Visibility and progress are key messages at ADA celebration in Iowa City
Representation is important for those with disabilities
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IOWA CITY — For Erin Noon, visibility is important.
That’s why events like Saturday’s 27th anniversary celebration of the Americans with Disabilities Act in Iowa City are important for Noon, who has cerebral palsy and serves as resources coordinator for the Johnson County National Alliance on Mental Illness — or NAMI.
“I think the ADA celebration is very important for visibility and making sure people with disabilities — whether you have an invisible disability or an actual physical disability — are represented in the Iowa City community,” Noon said during the event that took place from 10 a.m. to noon on the Pedestrian Mall.
Iowa City has celebrated the anniversary of the Americans with Disabilities Act since it was signed into law in 1990. The federal civil rights law prohibits discrimination against individuals with disabilities in employment, state and local government services, public accommodations, commercial facilities and transportation.
“I love this program because since I actually have a physical disability, it’s just so wonderful to celebrate it and get excited,” Noon said.
The annual ADA celebration is presented by a host of community organizations including Access 2 Independence, Combined Efforts, Goodwill of the Heartland and NAMI. Notable attendees at Saturday’s event included Iowa City Mayor Jim Throgmorton; Dave Leschtz, who formerly served as a social worker and University of Iowa disabilities educator; and Democratic U.S. Rep. Dave Loebsack, who represents Iowa’s 2nd District.
Throgmorton read two proclamations from the city, including one designating the week of July 17-21 as National Disability Voter Registration Week and July 22, 2017, as Americans with Disabilities Act Awareness Day.
The proclamations, he said, were to urge community members to participate in activities that celebrate and honor the spirit of the act.
Loebsack, who kept his message brief, encouraged his constituents to keep fighting for their rights because, “the minute you rest on your laurels, that’s when somebody is going to try to turn the clock backward.”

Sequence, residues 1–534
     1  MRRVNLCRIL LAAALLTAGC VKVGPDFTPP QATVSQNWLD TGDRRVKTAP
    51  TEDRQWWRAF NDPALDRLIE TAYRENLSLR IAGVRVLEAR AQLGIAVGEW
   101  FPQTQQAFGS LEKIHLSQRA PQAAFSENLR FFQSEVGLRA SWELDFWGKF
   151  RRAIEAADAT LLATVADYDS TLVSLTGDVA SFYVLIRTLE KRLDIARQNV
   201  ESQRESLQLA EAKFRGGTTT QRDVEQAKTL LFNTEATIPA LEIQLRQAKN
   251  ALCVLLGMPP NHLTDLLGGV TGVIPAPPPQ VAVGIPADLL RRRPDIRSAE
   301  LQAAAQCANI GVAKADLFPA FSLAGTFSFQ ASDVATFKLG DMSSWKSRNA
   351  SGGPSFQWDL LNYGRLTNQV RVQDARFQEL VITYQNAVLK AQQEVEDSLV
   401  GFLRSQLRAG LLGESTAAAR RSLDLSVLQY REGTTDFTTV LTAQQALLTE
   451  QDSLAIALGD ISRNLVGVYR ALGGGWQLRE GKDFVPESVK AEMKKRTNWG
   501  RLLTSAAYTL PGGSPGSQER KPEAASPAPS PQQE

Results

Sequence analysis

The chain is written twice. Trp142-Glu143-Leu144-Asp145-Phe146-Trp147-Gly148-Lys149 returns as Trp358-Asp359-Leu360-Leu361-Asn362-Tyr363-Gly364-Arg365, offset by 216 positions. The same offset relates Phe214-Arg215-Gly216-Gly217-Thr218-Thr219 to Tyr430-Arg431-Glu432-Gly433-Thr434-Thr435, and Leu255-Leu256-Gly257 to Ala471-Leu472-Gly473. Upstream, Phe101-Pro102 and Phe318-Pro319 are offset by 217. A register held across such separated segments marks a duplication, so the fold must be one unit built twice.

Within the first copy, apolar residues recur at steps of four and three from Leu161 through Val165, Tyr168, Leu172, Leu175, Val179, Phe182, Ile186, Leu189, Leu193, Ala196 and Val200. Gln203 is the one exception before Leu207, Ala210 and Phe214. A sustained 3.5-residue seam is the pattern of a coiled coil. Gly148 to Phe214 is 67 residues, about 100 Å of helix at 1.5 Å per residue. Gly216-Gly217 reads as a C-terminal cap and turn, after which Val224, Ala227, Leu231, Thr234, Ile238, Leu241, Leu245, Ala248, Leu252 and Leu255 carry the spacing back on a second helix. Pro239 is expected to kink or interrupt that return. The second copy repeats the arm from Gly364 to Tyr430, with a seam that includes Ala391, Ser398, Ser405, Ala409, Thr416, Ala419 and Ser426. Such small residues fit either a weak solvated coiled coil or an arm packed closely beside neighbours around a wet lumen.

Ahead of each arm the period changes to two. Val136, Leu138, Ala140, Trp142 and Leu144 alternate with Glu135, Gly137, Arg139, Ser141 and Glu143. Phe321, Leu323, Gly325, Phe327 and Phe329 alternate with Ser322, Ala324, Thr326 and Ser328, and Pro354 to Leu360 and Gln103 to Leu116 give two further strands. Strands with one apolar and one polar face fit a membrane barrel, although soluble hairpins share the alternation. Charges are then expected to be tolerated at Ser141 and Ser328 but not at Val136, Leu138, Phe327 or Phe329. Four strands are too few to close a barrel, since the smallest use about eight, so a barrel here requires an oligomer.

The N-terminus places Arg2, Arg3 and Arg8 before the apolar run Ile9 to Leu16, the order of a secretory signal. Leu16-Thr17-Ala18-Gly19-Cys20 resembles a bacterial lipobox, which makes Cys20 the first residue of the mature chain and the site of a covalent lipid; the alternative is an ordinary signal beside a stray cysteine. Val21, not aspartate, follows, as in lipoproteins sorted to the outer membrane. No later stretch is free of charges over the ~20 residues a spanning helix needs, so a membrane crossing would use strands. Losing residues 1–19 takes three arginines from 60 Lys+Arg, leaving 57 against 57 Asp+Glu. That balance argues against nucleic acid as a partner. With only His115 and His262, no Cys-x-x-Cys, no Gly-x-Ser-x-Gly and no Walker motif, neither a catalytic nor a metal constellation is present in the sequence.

“You can never, ever assume that we’re going to continue to make progress,” Loebsack said, noting ways to engage in the political process. “It’s going to be up to you to talk to me ... to talk to your other representatives, to send letters and emails to your senator ... to be in touch with the President of the United States to make sure that we do not fall back.”
His bottom line: “To make sure that we keep going forward.”
With informational booths set up to promote education and advocacy in Iowa City, groups in attendance included the UI Stead Family Children’s Hospital and the Aktion Club, a service club for adults with disabilities.
Jeoffrey Hacker, of Iowa City, an advocate for those with disabilities, also was on hand collecting signatures on his petition to ask the Iowa City Community School District to reinstate its Special Olympics program.
With Special Olympic medals wrapped around his neck, Hacker said he uses the medals as an example to show others with disabilities what they, too, might achieve through Special Olympics.
“I want equal opportunity for sports,” Hacker said.
Collecting signatures for nearly a month, Hacker said Saturday morning he was up to 58 as he works toward a goal of 1,000. Benefits of reinstating Special Olympics he said, include equal opportunity and providing an avenue for people with disabilities to gain self-confidence, obtain community building skills and have fun.
Also during Saturday’s celebration, longtime disabilities advocate Keith Ruff received the Terry Cunningham Community Award and the Bill Reagan Vitality Award went to Combined Efforts, a visual and performing arts company with a mission of artistic excellence through purposeful collaboration between artists with and without disabilities.
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